ATHENS — Micah Morris doesn’t mince words when discussing why he likes playing football.

And his description fits everything Kirby Smart has built the Georgia program to be.

“I like running into people, I like running over people. It’s just a mentality,” Morris said. “Their mouthpiece better be in because mine is in and I’m coming for you. That’s pretty much it.”

Morris is entering his fourth season in Georgia’s program. He emerged as a real contributor for the Bulldogs last season, working his way into the rotation at left guard.

Morris was a top-tier offensive line talent coming out of Camden County High School in Kingsland, Ga. He’d likely start for 95 percent of the teams in college football.

Yet he’s content to grind away as a guard on Georgia’s offense.

“Micah’s a very veteran physical presence,” Smart said. “He gives us a toughness and just an identity on offense of contact striking. Guys on defense know when Micah comes up on a double team or Micah pulls, he’s coming with bad intentions. And, he’s good to have, in terms of that group, creating an identity.”

Morris isn’t guaranteed to start this season, with Dylan Fairchild, Tate Ratledge and Xavier Truss all returning in 2024. Georgia has so much talent at guard it will certainly employ a rotation this season in order to get everyone on the field.

At practice this spring, Morris has been working with the first team at left guard, an encouraging sign for his role with the team this season.

Morris usually answered questions with a smile, giving off a gentle giant persona. But his tone changed when asked about the Alabama game from last season.

After Amarius Mims went down with an injury, Morris was thrust into the game at left guard, with Truss moving out to right tackle. After scoring a touchdown on the opening drive of the game, the Bulldogs wouldn’t find the end zone again until midway through the fourth quarter.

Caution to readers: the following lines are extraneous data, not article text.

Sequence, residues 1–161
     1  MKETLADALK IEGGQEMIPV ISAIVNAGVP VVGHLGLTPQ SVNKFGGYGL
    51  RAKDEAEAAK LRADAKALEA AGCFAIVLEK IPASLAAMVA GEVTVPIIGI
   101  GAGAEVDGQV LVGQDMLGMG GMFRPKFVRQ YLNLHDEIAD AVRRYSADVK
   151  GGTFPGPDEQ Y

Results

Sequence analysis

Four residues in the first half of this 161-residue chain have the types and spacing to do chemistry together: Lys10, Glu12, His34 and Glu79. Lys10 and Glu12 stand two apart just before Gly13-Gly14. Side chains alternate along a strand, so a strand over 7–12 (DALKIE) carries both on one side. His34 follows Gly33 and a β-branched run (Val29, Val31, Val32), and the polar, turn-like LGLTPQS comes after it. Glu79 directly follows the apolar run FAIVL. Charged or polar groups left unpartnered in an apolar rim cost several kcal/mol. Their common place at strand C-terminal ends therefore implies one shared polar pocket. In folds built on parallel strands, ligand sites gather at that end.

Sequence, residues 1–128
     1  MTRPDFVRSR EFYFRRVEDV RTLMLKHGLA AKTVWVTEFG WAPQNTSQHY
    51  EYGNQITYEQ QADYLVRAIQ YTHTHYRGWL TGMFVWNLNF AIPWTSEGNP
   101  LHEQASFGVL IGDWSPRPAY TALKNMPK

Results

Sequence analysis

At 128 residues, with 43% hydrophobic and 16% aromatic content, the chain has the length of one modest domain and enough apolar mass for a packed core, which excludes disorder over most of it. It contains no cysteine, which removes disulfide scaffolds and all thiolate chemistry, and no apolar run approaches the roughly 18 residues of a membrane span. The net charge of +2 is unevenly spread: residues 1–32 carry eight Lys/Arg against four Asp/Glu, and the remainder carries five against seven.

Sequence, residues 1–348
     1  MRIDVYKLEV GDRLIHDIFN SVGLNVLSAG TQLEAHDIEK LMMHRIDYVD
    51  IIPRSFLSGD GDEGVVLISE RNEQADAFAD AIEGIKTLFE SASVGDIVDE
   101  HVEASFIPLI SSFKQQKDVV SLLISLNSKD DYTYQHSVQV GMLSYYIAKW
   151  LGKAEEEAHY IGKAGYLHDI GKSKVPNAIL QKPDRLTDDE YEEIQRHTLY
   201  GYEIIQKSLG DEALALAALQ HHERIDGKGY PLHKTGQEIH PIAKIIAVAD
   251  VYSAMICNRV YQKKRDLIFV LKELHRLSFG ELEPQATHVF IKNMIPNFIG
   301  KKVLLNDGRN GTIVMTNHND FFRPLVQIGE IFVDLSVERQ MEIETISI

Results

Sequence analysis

The team pushed hard, but it couldn’t come away with the win.

Hearing Morris speak about the game, it’s clear the loss still motivates him and his teammates.

“No matter who was in, the preparation that we did throughout the week and really the whole season building up to that point was going to have to show,” Morris said. “Obviously, it didn’t end how we wanted to. We definitely use that for fuel now. Just knowing that if we want to cross that barrier, it’s going to take more.

“Just working harder with the mindset of knowing what we want to get done at the end.”

Hard work doesn’t fluster Morris. If you want to be the biggest and baddest guy on one of the biggest and baddest teams in the sport, you’re going to have to put in a lot of blood, sweat and time.

Morris has done that throughout his career at Georgia and the 2024 season figures to be no different.

“The type of players that we want to have here is the type that works hard, whether you’re in the rotation right now or a freshman coming up,” Morris said. “Coming in with a mindset to get better every day, going back to our core principles, we’re trying to stay consistent with that and work as hard as we can to get each other better, thus making the games much easier while allowing us to reach our true potential.”

Micah Morris shares how Alabama loss motivates him